The data presented here demonstrate that MALT1 inhibition is effective in interfering with both systemic and tissue-specific pathogenic drivers of disease. MALT1i significantly blocked IL-6 expression in the plasma of rats with CIA at the highest dose tested, and expression of KC-GRO, the rodent ortholog of IL-8, at all doses tested. A similar effect was observed in the synovium with KC-GRO and TNFα, where both factors were significantly inhibited at all doses of MALT1i tested. The local tissue and systemic effects on KC-GRO are consistent with the impact of MALT1 inhibition on IL-17 production, which induces KC-GRO expression and then, in turn, recruits neutrophils to the site of inflammation (23). These data are consistent with the published effects on MALT1 inhibition on antibody dependent arthritic responses where neutrophil infiltrates were reduced (14) and are consistent with data in our study and others on the in vitro effects of MALT1 loss or inhibition on immune cell effector function in vitro (16, 19).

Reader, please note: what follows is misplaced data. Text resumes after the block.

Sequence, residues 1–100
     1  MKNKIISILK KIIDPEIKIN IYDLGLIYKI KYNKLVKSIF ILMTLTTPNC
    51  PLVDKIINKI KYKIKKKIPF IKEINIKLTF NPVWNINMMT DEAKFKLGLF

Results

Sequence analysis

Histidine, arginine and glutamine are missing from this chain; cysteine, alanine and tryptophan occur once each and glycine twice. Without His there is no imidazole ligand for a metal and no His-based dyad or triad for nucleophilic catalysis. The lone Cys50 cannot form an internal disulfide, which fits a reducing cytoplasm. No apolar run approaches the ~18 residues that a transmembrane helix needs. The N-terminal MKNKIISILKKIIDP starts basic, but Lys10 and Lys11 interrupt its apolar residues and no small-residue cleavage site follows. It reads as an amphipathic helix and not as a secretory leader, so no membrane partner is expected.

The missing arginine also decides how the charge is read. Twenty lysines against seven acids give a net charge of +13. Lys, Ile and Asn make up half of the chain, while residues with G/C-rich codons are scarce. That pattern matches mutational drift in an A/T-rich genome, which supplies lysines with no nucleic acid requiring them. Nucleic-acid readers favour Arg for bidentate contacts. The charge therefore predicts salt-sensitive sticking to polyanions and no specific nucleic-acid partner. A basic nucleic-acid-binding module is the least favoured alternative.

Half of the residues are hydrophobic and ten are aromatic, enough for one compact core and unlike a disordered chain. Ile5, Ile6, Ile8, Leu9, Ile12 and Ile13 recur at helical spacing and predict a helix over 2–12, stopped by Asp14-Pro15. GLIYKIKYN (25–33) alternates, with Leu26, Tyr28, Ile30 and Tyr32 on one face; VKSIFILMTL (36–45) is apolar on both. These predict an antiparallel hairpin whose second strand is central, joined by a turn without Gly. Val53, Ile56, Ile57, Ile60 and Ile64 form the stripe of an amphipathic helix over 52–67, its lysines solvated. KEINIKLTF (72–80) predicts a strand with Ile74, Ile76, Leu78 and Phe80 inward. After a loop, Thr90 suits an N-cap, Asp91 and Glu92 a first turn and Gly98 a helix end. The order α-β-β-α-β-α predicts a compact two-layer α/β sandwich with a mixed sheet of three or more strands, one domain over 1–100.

The anti-inflammatory action of MALT1 inhibition across multiple immune cell types and pro-inflammatory mechanisms makes MALT1 a compelling target for the treatment of autoimmune and inflammatory disease. However, the therapeutic potential of targeting MALT1 has been hindered by concerns about the impact of MALT1 inhibition on Treg homeostasis. Consistent with earlier reports, we observed reduction in CD25+FoxP3+ Tregs in the rat CIA model following treatment with MALT1i. However, when compared with naïve animals, the decrease was significant only in the group receiving the highest dose. On the contrary, disease scores and concentrations of proinflammatory cytokine/chemokine in plasma and synovial fluid were significantly reduced at all doses tested. Compound exposure-dependent uncoupling of efficacy from Treg reduction is observed following treatment with additional, structurally distinct inhibitors indicating this phenomenon of uncoupling is a generalizable feature of pharmacological modulation of MALT1 and not a compound specific feature. Furthermore, we also demonstrate increased sensitivity of Tregs to MALT1 inhibitor treatment in naïve animals when compared to rats with CIA. It should be noted that previous toxicology studies with MALT1i effects on Tregs and inflammation were performed in naïve, non-diseased animals and concentrations exceeding the IC90 for the compound (14). These findings present a path forward for an allosteric MALT1i for the treatment of autoimmune inflammatory diseases. Namely, the relative sensitivity of Treg reduction in the context of inflammation may expand the therapeutic index beyond what has been observed in non-diseased, naive animals (14).